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Monarch Trail - Skye CD (album) cover

SKYE

Monarch Trail

 

Neo-Prog

3.92 | 151 ratings

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tszirmay
Special Collaborator
Honorary Collaborator
5 stars Somewhere in the province of Ontario, Canada in the sleepy town of Dundas, hidden between Hamilton and Toronto, there is a talented individual who has been issuing albums to much critical acclaim under his own name (Ken Baird) and after a lengthy silence, has now launched a group project called Monarch Trail, a stunning album that deserves both attention and support. A re-branding of sorts that augurs very well for the future as Ken has always been a sublime composer, keyboard player and vocalist but now is solidly buttressed by long-time colleagues Chris Lamont on drums, bassist Dino Verginella and a trio of guitarists (John Mamone, Kelly Kereliuk and the more famous Steve Cochrane). An album is bookended by two long epics that sandwich fill two short pieces, all defying comparisons (perhaps hints of UK proggers Elegant Simplicity) , somewhere sitting comfortably between crossover, neo and symphonic , all fueled by Ken's unique stamp on things , fully armed with an arsenal of splendid keyboards and superb solo guitar playing ! The rhythm section is solid and utterly propulsive.

"Luminescence" rips right from the get-go, shuffling rhythm and sizzling synth soloing that accompany the fluttering vocal, hinting at classic IQ but with a twist, Mamone carving some slithering guitar lines, full of expansive bravado. Ken shoots off plenty of slippery synths from his battery of keys, showing off tremendous digital genius. The moody mid-section really finds a convincing ear, stretching the instrumental palette even wider, with gorgeous choir mellotron adding elevation and bombast.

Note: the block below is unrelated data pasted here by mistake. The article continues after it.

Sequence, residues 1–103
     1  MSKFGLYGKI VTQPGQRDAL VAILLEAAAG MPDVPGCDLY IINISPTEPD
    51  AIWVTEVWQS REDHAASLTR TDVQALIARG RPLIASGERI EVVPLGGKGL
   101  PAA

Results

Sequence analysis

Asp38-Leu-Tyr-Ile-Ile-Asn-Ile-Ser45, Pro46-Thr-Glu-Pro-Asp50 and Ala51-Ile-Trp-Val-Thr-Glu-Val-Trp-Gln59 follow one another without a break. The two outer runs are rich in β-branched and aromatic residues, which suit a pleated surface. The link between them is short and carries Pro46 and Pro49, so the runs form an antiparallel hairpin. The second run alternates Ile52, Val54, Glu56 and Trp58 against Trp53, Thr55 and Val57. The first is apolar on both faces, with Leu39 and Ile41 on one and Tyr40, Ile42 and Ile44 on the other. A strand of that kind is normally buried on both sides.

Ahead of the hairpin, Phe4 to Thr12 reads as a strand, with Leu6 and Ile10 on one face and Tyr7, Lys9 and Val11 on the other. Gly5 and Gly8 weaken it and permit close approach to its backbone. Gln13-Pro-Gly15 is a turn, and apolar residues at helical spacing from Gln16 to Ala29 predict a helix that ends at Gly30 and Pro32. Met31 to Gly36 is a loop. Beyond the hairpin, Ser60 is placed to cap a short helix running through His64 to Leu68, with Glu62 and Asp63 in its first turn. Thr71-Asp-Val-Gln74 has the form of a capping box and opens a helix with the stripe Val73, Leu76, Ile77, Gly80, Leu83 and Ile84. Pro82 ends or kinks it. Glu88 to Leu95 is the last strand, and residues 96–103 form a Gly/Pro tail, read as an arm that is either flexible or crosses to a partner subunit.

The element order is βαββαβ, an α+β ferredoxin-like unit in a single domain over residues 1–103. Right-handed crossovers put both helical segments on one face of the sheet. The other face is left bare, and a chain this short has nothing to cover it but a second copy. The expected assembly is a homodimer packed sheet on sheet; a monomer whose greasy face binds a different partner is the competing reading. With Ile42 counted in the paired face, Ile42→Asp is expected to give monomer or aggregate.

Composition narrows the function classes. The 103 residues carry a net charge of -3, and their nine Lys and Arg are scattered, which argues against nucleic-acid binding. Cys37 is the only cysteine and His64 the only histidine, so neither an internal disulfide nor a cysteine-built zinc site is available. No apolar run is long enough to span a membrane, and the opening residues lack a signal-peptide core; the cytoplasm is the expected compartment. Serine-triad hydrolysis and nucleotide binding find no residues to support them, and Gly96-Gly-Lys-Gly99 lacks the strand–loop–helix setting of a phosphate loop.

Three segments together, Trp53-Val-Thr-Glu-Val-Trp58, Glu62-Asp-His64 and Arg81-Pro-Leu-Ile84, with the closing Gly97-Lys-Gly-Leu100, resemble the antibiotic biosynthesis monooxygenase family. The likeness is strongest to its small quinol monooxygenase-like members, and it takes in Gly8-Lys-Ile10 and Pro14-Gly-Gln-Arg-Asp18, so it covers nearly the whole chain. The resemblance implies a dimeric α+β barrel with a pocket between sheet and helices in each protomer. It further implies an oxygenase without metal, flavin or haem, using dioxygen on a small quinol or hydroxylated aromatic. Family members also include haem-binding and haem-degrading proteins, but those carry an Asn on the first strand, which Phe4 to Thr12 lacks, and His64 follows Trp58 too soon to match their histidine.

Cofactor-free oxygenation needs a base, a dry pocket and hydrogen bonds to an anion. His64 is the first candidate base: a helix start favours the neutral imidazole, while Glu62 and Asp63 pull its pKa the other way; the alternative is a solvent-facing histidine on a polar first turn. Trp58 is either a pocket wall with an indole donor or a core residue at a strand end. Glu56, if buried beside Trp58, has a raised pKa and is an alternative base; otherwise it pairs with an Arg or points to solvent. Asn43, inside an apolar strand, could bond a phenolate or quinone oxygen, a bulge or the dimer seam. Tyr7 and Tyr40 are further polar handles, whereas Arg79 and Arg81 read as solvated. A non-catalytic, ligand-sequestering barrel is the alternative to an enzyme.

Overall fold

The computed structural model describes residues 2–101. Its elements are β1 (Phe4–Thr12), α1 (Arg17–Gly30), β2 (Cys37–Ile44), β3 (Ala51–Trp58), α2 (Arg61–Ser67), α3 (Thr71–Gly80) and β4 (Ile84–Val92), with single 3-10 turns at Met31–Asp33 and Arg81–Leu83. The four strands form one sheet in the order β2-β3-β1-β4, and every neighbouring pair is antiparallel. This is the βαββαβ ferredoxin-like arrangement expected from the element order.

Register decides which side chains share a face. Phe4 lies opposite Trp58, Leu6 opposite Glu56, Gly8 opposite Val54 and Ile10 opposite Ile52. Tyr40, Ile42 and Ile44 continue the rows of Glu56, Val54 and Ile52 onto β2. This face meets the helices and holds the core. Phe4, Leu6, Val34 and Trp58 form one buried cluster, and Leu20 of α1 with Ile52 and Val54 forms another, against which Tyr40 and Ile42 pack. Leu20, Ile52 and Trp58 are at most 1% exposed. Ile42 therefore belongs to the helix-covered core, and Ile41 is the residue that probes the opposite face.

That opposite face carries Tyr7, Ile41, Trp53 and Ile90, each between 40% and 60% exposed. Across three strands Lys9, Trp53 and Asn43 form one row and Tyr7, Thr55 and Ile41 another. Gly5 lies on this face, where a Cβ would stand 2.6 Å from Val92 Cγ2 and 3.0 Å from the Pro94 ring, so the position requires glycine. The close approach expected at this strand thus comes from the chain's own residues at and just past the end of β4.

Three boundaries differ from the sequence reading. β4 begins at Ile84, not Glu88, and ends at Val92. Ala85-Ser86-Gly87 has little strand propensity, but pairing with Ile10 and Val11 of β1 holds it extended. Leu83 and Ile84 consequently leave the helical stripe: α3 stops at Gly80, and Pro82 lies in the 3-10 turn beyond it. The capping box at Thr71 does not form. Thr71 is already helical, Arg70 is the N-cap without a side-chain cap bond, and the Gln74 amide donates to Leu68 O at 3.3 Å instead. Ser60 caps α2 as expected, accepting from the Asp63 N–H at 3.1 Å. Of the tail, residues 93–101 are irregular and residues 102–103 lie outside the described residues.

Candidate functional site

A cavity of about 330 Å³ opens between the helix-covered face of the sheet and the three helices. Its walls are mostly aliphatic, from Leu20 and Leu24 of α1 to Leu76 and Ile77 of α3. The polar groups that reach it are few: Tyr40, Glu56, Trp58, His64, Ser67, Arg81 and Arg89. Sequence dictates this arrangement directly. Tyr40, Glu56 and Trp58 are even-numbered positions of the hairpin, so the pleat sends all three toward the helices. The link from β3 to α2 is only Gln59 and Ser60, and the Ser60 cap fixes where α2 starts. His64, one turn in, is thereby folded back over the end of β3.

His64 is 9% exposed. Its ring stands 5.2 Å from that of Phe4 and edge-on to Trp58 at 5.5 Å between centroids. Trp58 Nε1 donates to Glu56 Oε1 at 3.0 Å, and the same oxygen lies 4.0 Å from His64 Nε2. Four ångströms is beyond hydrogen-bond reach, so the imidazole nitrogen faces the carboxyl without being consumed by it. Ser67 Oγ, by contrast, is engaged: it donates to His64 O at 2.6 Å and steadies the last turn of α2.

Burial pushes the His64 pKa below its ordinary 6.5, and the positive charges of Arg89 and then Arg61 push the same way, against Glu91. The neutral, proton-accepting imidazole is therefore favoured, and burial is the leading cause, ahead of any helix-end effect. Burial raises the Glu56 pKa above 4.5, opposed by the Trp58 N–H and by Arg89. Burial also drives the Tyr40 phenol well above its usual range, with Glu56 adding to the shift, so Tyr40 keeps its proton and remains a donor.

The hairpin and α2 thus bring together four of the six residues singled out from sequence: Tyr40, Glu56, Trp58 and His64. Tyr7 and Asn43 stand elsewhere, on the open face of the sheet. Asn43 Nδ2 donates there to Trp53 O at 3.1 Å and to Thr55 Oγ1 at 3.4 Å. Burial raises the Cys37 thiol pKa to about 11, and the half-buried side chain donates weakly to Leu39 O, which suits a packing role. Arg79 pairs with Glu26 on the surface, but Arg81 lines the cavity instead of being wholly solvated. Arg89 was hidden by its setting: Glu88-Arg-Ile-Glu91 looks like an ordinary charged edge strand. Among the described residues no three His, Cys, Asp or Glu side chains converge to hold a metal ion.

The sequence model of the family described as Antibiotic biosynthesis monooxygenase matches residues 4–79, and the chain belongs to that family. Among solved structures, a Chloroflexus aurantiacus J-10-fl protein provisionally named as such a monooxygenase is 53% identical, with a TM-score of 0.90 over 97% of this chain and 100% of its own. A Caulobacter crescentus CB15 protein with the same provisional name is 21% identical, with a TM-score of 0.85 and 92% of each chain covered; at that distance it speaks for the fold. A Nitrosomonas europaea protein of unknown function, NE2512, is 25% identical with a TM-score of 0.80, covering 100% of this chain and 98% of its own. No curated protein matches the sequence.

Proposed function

Next up, "Silent World" is the killer 8 minute+ track, a shorter nugget that has intensity in the spiraling synthesized loops and solid drum patterns, with a patented hushed Baird vocal that displays somber reflection and a simply stellar piano line that underlines a massive chorus, hinting at a way proggier Level 42. Tinges of jazzy backbeats and a plethora of synth soloing will keep you on edge. Baird kicks up the vocal a few notches as the emotional music becomes grandiloquent and drenched in symphonic sheen. Bass bops crazily amid the restrained Mamone guitar sketches, and just blooms into a linear electric solo that soars and soars a la Hackett. A tour de force composition of world class prog.

Things get tighter with "East of Fifty", a romping six minute scorcher that swerves, careens and propels itself along with madcap resolve. Several layers of instrumental prowess are unpeeled before the tune really kicks into gear, led by Kelly Kereliuk's harder edged axe. This track is again synth top-heavy, with a slew of different tones added to the mix.

The unique Baird style is dazzlingly evoked on the epic 20 minute + finale "Sky Above the Sun", a deeply symphonic masterpiece of sultry sounds and atmospheric ornamentations that provide a glowing 'feel good' sense, a trait that is quite particular to his artist's past legacy as well as this current group undertaking. Baird excels on piano, synths, organ, dishing out honky-tonk stylistics together with deft technical eloquence that can wink at both jazz and neo. His synthesizer solos rekindle brief glimpses of Peter Bardens, Manfred Mann, Pat Moraz and Martin Orford. His vocals give the arrangement a joyful personal touch which is honest and unpretentious, Cochrane's acoustic foray on both classical and 12 string is simply spectacular. Just a pure spectacle of unbridled delight, this is why we love prog with such devotion, instruments glowing brightly, melodic arrangements that pulsate with vibrant impulses and a structure where time means nothing, sheer unadulterated proggy bliss.

Clever, humble, creative and wholly entertaining, Monarch Trail is a surprising journey that will not disappoint those fans who crave both the familiar and the ingenious, conveniently all wrapped up in a nice tight package, allied with excellent instrumental prowess to boot. Something for every prog fan. I have a serious soft spot for artists who genuinely forge ahead, in relative obscurity whilst concocting albums of sheer delight and Baird has never disappointed since launching his debut solo album August, back in 1996. Flutter by and get on the Baird trail, this is an artist definitely worthy of our genre.

5 butterfly roads

tszirmay | 5/5 |

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